The Head Chef of the Four Gables, David Gillott, has created an utterly tantalising game terrine.
Not only delicious, game meat is lean, free ranging and healthier than usual animals. As this type of meat comes from wild animals who hunt and forage for their food, it’s typically richer in flavor and leaner in fat than meat from domesticated live stock. Packed with rabbit, pheasant and pigeon, it’s a fun game changer when it comes to more unusual meats.
• Selection of lean game meat, about 1kg/2¼lb in all, which could include:
• Breasts of pheasant (hung about 5 days)
• Breasts of pigeon
• Breasts of duck or other wild fowl
• Saddle and hindquarters of 1 rabbit, boned
• Saddle and hindquarters of hare, boned
• Lean strips of venison (from the leg or fillet)
• Oil or fat, for frying
For the forcemeat:
• 500g/1lb2oz sausage meat
• 2 handfuls fresh white breadcrumbs
• 1 egg
• 3 tbsp parsley, finely chopped
• Few sprigs of thyme, leaves removed and chopped
• 5-6 juniper berries, crushed in pestle and mortar
• 2 cloves garlic, finely chopped
• Splash of brandy
• Splash of red wine
• Salt and pepper
1 In a large mixing bowl, combine the sausage meat.
2 Next add the breadcrumbs, egg, parsley, thyme, juniper berries and garlic. Then the wine and brandy, season with the salt and pepper and mix everything together thoroughly, preferably with your hands.
3 Cut the game meat into roughly same-size strips, about 2 fingers thick.
4 In a heavy-based frying pan heat the fat or oil and fry the game pieces for 2 minutes until nicely browned.
5 Line a loaf tin or ceramic terrine dish with the stretched rashers of streaky bacon. Add a layer of forcemeat followed by a layer of game meat, then a layer of forcemeat followed by another layer of game meat. (If you like, you can put the same kind of meat in each layer, such as a layer of rabbit, a layer of pigeon and then a layer of pheasant). However many layers you make (I usually go for three) it’s important to finish with a layer of the forcemeat.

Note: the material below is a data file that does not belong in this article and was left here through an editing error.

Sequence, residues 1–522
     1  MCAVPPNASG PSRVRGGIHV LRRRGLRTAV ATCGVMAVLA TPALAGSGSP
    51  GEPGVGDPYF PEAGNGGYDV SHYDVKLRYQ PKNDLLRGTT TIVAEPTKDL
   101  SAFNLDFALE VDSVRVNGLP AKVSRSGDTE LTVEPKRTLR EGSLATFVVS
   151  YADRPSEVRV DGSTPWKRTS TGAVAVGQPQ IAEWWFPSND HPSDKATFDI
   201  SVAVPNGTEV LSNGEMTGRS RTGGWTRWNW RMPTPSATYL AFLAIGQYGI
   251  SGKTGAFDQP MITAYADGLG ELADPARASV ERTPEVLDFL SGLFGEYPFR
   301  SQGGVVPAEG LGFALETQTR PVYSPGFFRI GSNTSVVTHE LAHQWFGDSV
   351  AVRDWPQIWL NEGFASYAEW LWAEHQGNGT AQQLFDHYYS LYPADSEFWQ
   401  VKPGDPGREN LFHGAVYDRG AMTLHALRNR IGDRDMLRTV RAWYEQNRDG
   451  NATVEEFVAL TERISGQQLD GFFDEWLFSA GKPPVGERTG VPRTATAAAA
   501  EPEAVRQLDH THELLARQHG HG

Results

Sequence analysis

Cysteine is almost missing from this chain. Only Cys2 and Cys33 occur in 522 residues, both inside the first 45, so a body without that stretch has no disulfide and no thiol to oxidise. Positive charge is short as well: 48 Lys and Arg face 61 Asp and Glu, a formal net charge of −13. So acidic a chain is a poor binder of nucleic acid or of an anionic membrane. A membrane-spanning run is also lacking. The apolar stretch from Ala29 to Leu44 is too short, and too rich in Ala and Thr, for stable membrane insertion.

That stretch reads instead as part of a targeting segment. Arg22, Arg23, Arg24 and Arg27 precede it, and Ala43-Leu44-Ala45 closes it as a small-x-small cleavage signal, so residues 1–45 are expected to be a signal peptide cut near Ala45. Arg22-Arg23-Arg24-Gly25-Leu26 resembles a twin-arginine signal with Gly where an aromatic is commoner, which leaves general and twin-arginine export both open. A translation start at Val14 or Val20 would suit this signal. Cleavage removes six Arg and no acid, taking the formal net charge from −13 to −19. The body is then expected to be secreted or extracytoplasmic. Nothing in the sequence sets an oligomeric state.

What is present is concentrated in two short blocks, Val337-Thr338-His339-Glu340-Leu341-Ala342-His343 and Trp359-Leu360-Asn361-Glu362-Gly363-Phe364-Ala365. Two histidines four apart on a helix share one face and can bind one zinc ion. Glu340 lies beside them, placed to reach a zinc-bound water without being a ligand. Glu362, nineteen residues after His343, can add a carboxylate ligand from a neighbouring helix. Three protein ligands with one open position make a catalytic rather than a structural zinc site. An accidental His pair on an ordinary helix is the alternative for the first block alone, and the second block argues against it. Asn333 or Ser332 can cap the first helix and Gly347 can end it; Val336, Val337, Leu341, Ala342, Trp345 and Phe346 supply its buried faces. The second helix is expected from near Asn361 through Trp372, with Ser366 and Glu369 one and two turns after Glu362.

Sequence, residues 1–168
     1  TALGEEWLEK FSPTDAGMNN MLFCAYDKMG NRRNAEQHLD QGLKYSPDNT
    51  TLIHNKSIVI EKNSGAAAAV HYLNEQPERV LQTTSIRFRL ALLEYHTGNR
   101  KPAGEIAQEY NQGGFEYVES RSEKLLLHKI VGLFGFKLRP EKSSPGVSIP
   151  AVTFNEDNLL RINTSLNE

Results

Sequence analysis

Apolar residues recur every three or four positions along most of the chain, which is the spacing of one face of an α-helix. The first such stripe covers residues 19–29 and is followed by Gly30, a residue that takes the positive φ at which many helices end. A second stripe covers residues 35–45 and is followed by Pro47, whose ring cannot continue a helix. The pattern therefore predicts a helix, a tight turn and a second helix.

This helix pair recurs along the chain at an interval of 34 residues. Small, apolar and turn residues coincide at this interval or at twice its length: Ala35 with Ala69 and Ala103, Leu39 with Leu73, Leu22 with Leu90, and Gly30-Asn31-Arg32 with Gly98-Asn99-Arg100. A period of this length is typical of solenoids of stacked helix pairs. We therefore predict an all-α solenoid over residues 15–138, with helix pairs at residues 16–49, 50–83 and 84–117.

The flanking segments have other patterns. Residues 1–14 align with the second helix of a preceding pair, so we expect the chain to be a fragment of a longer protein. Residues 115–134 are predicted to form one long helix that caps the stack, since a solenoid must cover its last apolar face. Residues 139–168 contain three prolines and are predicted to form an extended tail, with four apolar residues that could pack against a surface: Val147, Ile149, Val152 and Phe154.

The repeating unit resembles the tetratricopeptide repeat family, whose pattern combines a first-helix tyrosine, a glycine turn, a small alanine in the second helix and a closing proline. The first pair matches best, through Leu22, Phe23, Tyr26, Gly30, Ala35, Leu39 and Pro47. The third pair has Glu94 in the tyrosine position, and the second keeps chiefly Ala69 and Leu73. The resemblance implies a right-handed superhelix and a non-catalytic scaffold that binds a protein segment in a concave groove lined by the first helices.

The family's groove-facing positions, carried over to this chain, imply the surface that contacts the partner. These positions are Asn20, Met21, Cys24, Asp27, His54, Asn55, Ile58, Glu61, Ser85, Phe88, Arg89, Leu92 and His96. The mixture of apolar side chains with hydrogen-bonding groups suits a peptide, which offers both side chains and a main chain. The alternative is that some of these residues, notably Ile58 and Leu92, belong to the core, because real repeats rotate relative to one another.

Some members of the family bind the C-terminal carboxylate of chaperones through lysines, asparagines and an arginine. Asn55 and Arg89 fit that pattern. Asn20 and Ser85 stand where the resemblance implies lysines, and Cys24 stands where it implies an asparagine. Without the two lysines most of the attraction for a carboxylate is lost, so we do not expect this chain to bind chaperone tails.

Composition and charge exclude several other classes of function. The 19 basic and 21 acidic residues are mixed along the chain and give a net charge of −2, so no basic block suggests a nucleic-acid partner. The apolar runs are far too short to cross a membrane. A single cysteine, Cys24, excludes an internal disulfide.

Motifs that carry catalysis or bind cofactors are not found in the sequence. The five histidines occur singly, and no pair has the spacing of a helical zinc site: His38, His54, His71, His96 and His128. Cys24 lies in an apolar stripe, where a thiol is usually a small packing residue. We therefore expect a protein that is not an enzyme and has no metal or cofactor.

6 Fold the exposed strips of bacon over the top of the terrine and cover well with kitchen foil.
7 Place the terrine dish in a roasting tin half-filled with hot water. Cook in the oven at 160C/325F/Gas 3 for approximately 1½-2 hours. Test with a skewer to see if it is cooked, if the skewer does not come out of the terrine piping hot then it is not ready.
8 For the best possible texture and easy slicing, your terrine should be pressed as it cools. Find a piece of wood or plastic that fits snugly inside the terrine dish and weigh it down with a brick or two. (Another similar size dish or loaf tin with a brick inside often does the trick, but wrap it in cling film if you’re using a tin.) Leave the terrine until completely cold for several hours or overnight.
9 To serve, slice thickly with a very sharp knife, put on a plate with a small salad of lightly dressed green leaves and a blob of good fruit chutney. Serve with hot toast.
Recipe courtesy of Head Chef of the Four Gables, David Gillott.
To try even more sumptuous game menus to try, click here.